Mark R. Gilbert, MD
The deployment of precision medicine to develop safe and effective therapies to treat malignant brain tumors is an endeavor eagerly embraced by researchers and patients alike, but the effort poses both opportunities and challenges.
“It’s quite a daunting task, but one I think we’re up for,” said Mark Gilbert, MD, in his keynote address at the 20th Annual Scientific Meeting of the Society of Neuro-Oncology (SNO).
Gilbert, a senior investigator and chief of the neuro-oncology branch at the NIH, said that the ultimate goal of these efforts is that “every patient will have an individualized treatment plan based on their unique tumor, genomic landscape, and clinical characteristics.”
However, there are hurdles to overcome. Chief among them is the disease’s heterogeneity. The Cancer Genome Atlas (TCGA) analyses generated four subtypes of glioblastoma multiforme (GBM) and three major groups of signaling pathway abnormalities without much overlap, Gilbert explained.
To address this challenge, Gilbert called for more studies to characterize clinically well-articulated tumor samples on a larger scale, now that TCGA and related efforts have provided proof of principle. Noting the example of HER2 in breast cancer, he said that validation of prognostic characteristics of molecular subgroups is essential. He added that overall, more robust sharing of institutional and clinical trial data, including integration of electronic medical records for population-based analyses, would facilitate the effort.
Citing a recent and “very interesting study,” Gilbert said that it appears although some GBM recurrences are very similar, others share very few molecular similarities, suggesting that these cells may have diverted early from the primary tumor.1
Thus, to better understand the molecular changes that occur with GBM recurrence and progression, Gilbert would like to see more resources devoted to the effort, as well as mandatory acquisition of contemporary tumor tissue for entry onto a hypothesis-based clinical trial.
Another challenge that researchers face in this setting is clinical and genomic patient heterogeneity. He mentioned a number of germline polymorphisms that predict increased risk of treatment toxicity, among them polymorphisms of: the DYPD gene (increases risk for 5-FU toxicity); UGT1A1 (irinotecan toxicity); and CYP39A1 (docetaxel toxicity). Clinical factors that may affect treatment efficacy, pharmacokinetics, and toxicity risk include hepatic enzyme–altering anticonvulsants, renal and/or hepatic dysfunction, bovine serum albumin/lipid burden, and preexisting conditions such as hypertension and coagulopathies.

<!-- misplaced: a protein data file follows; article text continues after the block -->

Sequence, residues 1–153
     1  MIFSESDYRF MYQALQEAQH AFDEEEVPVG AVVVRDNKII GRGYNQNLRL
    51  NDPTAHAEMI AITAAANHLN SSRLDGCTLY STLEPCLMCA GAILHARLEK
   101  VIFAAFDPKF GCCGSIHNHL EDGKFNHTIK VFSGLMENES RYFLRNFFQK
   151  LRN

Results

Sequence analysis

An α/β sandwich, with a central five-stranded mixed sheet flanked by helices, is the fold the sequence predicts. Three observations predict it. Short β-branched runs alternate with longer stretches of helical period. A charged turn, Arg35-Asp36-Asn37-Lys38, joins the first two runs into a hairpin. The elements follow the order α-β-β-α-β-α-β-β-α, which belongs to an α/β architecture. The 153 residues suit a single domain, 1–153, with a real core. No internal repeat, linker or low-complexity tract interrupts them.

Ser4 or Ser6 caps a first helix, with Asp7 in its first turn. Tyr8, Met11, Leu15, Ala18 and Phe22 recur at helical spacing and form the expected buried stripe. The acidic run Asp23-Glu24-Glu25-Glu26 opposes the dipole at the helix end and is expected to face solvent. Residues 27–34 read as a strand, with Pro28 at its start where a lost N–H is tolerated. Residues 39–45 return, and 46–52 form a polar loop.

Gilbert said the patient’s medical condition and medications must be considered upfront in clinical trials. He would like to see comprehensive recording and monitoring of concurrent medications during both early-phase and subsequent efficacy testing; integration of toxicity data in all studies evaluating agents under investigation; and the creation of paradigms to personalize dosing based on a patient’s clinical and his or her tumor’s genomic profile.
Finding the Right Target
Gilbert noted that studies have demonstrated little efficacy with single-agent targeted therapies in neuro-oncology. “We have many agents that have been tested, but response rates have been low, and then we have the additional challenge of limited drug delivery due to the blood–brain barrier … it’s not just getting the drug in, it’s getting it there.”
He suggested drawing lessons from successful treatment targets such as BCR-ABL in chronic myelogenous leukemia, HER2 in breast cancer, and EGFR in lung cancer. “There’s clearly evidence that the targeted approach can work.”
In glioblastoma and lower-grade gliomas, “we have targets,” Gilbert said. These include mutations or translocations involving BRAFV6005, FGFR-TACC
mutations, and EGFRviii
. Investigators can also look to targets identified for other brain tumors, such as medulloblastoma (SHH
), ependymoma (CIMP, RELA
fusion), and meningioma (SMO, Akt
Clinical trial design in neuro-oncology is also an issue: “The typical phase I trial, leading to phase II, then possibly phase III design is inefficient,” Gilbert explained. “Given the number of clinical targets and available treatments, a more rapid screening process is needed,” along with enrichment of the patient population to allow small, efficient trials to discern early efficacy signals.